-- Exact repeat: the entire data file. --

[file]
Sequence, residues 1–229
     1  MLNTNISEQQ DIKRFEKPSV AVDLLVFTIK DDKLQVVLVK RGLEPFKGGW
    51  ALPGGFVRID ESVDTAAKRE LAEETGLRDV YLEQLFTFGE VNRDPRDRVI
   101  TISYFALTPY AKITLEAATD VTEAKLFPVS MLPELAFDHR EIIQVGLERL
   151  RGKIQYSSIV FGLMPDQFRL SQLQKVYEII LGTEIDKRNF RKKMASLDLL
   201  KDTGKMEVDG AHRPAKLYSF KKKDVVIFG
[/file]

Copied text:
Sequence, residues 1–229
     1  MLNTNISEQQ DIKRFEKPSV AVDLLVFTIK DDKLQVVLVK RGLEPFKGGW
    51  ALPGGFVRID ESVDTAAKRE LAEETGLRDV YLEQLFTFGE VNRDPRDRVI
   101  TISYFALTPY AKITLEAATD VTEAKLFPVS MLPELAFDHR EIIQVGLERL
   151  RGKIQYSSIV FGLMPDQFRL SQLQKVYEII LGTEIDKRNF RKKMASLDLL
   201  KDTGKMEVDG AHRPAKLYSF KKKDVVIFG